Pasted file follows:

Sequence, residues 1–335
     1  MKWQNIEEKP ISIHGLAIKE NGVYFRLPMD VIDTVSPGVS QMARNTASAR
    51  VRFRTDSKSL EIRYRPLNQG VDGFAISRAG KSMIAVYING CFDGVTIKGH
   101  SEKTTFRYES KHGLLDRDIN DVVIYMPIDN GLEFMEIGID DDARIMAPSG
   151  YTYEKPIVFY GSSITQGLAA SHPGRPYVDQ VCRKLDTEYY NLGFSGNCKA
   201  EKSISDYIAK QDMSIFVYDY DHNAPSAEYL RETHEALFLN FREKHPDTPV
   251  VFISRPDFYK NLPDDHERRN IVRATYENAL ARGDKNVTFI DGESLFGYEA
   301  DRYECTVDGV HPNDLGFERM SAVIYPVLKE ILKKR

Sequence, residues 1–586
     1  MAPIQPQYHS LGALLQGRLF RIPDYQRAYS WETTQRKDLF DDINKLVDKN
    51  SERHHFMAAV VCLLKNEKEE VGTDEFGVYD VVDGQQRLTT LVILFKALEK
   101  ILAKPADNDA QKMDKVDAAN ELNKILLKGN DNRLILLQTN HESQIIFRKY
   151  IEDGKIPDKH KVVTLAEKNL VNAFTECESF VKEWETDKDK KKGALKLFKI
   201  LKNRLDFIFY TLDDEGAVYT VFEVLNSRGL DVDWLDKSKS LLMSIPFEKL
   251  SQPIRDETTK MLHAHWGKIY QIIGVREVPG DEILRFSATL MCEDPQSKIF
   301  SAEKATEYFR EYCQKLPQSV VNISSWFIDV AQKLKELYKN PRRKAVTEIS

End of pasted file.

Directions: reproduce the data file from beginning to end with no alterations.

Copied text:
Sequence, residues 1–335
     1  MKWQNIEEKP ISIHGLAIKE NGVYFRLPMD VIDTVSPGVS QMARNTASAR
    51  VRFRTDSKSL EIRYRPLNQG VDGFAISRAG KSMIAVYING CFDGVTIKGH
   101  SEKTTFRYES KHGLLDRDIN DVVIYMPIDN GLEFMEIGID DDARIMAPSG
   151  YTYEKPIVFY GSSITQGLAA SHPGRPYVDQ VCRKLDTEYY NLGFSGNCKA
   201  EKSISDYIAK QDMSIFVYDY DHNAPSAEYL RETHEALFLN FREKHPDTPV
   251  VFISRPDFYK NLPDDHERRN IVRATYENAL ARGDKNVTFI DGESLFGYEA
   301  DRYECTVDGV HPNDLGFERM SAVIYPVLKE ILKKR

Sequence, residues 1–586
     1  MAPIQPQYHS LGALLQGRLF RIPDYQRAYS WETTQRKDLF DDINKLVDKN
    51  SERHHFMAAV VCLLKNEKEE VGTDEFGVYD VVDGQQRLTT LVILFKALEK
   101  ILAKPADNDA QKMDKVDAAN ELNKILLKGN DNRLILLQTN HESQIIFRKY
   151  IEDGKIPDKH KVVTLAEKNL VNAFTECESF VKEWETDKDK KKGALKLFKI
   201  LKNRLDFIFY TLDDEGAVYT VFEVLNSRGL DVDWLDKSKS LLMSIPFEKL
   251  SQPIRDETTK MLHAHWGKIY QIIGVREVPG DEILRFSATL MCEDPQSKIF
   301  SAEKATEYFR EYCQKLPQSV VNISSWFIDV AQKLKELYKN PRRKAVTEIS